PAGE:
17:54 Sep. 19, 2016
World Communication Forum Davos 2016 kicks off in Kyiv
The World Communication Forum Davos, that has just started in Kyiv, has brought quite a lot of interesting issues to discuss. The Ukrainian conflict, Kyiv's integration into NATO and the EU, economic reforms and progress – experts and officials from NATO, the US, the UK as well as local representatives discussed this issues and many others.
Dedicated to Ukraine's Euroatlantic integration, the first panels featured representatives from NATO, who confirmed their support for Ukraine but gave vague answers to the questions about the country's perspectives on its way to the alliance. As NATO official Mark Laity said in an interview with Ukraine Today, ‘the Alliance's door is open to Ukraine, but this door isn't going to be walked through quickly'.
‘It's not just a question of what Russia has done, Ukraine looked at joining NATO before, and it was in the Membership action plan, and decided it didn't want to, you need to have a debate among your own society, you need to organize yourself, you need to really sort out what Ukraine wants, you need to deal with big issues, and that's a long process, but you are on that process', said Mark Laity, the Chief of Strategic Communications at NATO Supreme Headquarters Allied Powers Europe.
At the same time, Laity praised Ukrainians for standing up to Russia and confirmed that NATO would continue to support Kyiv in the future. His position was echoed by another NATO rep, Nataliya Nemyliwska, the director of the NATO information and Documentation Center in Ukraine, Canada. She emphasized the fact that NATO had created numerous trust funds, aimed to help Ukraine in very specific fields, such as cyber warfare, command, and control.
‘Ukraine has settled some very ambitious objectives, and of course we – as the strong supporters of Ukraine – are here and standing ready to help Ukraine in this process, to meet that goal – NATO standards by 2020', said Nataliya Nemyliwska.
Euroatlantic integration, while crucial for Ukraine, was not the only hot topic at the Davos forum in Kyiv. Dedicated to the future of the country, it touched upon the different issues that impact both average citizens and the government. For example, the public took notice of Ukraine's recently introduced ProZorro public procurement system, which was praised by foreign delegates at the conference.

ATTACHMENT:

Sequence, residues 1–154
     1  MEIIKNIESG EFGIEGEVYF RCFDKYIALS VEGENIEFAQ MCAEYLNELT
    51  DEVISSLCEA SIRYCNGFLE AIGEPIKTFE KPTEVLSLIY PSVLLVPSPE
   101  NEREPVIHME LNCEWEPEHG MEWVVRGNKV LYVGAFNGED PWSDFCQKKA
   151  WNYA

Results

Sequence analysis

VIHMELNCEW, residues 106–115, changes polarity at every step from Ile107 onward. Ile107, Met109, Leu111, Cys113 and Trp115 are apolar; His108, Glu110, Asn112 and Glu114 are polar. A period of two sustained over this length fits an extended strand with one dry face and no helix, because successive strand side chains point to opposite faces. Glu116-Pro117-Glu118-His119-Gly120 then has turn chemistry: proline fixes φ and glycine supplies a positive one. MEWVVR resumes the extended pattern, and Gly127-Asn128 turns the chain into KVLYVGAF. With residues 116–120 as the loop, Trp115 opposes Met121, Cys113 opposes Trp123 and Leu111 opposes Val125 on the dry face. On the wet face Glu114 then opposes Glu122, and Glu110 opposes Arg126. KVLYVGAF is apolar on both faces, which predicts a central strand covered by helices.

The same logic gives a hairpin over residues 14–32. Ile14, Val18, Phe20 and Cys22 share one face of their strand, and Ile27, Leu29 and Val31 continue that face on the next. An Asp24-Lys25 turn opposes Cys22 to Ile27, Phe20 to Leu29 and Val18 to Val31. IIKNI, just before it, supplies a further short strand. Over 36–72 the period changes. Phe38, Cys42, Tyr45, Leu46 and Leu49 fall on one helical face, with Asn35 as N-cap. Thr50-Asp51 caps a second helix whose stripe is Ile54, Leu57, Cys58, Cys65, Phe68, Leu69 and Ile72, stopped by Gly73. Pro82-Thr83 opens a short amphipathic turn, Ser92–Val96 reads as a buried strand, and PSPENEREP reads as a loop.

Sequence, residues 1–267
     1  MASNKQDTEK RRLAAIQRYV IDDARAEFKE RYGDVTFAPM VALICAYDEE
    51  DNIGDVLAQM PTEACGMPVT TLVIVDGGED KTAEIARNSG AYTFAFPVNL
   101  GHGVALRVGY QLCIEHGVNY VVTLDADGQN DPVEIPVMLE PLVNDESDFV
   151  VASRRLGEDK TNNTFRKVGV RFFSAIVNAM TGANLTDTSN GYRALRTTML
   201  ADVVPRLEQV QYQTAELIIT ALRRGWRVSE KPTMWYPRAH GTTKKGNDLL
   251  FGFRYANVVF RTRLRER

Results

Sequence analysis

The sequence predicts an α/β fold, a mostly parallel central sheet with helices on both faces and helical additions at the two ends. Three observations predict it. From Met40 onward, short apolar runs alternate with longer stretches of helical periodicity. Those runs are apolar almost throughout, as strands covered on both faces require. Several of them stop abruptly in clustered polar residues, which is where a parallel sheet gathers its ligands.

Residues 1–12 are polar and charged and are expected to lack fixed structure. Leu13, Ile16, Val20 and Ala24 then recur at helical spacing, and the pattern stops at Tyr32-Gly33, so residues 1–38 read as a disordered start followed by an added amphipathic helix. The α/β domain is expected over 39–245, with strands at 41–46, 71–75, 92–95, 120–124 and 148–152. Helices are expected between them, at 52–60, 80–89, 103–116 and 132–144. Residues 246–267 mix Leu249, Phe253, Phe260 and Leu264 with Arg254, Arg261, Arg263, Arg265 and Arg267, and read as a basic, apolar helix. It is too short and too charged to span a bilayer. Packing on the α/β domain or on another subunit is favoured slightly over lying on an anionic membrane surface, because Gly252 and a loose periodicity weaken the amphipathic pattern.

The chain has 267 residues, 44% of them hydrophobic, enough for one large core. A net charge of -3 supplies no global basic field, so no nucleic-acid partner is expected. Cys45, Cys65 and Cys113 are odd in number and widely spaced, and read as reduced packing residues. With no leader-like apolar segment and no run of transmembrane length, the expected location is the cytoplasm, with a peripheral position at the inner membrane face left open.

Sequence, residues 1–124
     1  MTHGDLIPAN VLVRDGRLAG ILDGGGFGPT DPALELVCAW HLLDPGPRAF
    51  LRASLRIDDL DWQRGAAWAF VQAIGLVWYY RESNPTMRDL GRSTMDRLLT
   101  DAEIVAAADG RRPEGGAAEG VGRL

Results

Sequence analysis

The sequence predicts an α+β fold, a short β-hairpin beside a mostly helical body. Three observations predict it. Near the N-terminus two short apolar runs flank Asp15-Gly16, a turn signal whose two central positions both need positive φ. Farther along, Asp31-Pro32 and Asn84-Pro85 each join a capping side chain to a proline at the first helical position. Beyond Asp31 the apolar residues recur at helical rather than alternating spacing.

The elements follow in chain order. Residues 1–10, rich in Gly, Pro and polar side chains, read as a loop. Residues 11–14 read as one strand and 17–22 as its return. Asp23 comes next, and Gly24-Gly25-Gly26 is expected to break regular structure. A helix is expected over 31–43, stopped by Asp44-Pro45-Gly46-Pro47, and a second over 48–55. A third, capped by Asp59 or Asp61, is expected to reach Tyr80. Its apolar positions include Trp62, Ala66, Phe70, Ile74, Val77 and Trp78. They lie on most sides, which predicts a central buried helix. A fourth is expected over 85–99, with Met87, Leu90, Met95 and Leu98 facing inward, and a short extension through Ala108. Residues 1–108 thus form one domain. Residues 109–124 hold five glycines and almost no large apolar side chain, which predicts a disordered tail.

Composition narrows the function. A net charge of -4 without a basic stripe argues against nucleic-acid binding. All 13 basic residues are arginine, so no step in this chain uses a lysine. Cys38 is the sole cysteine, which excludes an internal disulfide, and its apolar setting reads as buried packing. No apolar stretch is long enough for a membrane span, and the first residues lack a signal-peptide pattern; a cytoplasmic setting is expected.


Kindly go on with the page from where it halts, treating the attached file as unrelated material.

The participants also addressed concerns around the economic situation in Ukraine. The organizers of the event presented a panel, at which Ukrainian officials and activists discussed the investment situation in the country, which apparently isn't that bad, as people think, and how to make these people realize that Ukraine provides great opportunities for investing.
As the President of American Chamber of Commerce in Ukraine, Andy Hunder said, ‘the general perception that the situation is terrible here was miles apart from the reality'. Hunder himself called this perception ‘distorted'.
‘The question is, who is responsible for the country's reputation, and who is doing something about it. The perception is, the country is at war, it's a very poor country, and nothing's happening here, whereas many of the people who actually end up coming here, they see the reality, and I think it's really important to get that message across', Hunder said.
Spreading information amid conflicts is actually another topic, discussed at the forum. To address that, a Huffington Post columnist, Sean Gardner, arrived in Ukraine. His speech was dedicated to the importance of transparency of information, delivered by both government and its people.
‘Conflicts will arise, just the fact that we have people, we have folks with different backgrounds, different points of view, they add up, and people disagree, and then it's a conflict. It's all about transparency, and in the end, about how you manage conflicts, in this era of transparency, of all the open-source tools that are out there, for journalists, NGO, and just the average persons', Gardner said.
Stay tuned for more Ukraine Today reports on the second day of the World Communication Forum.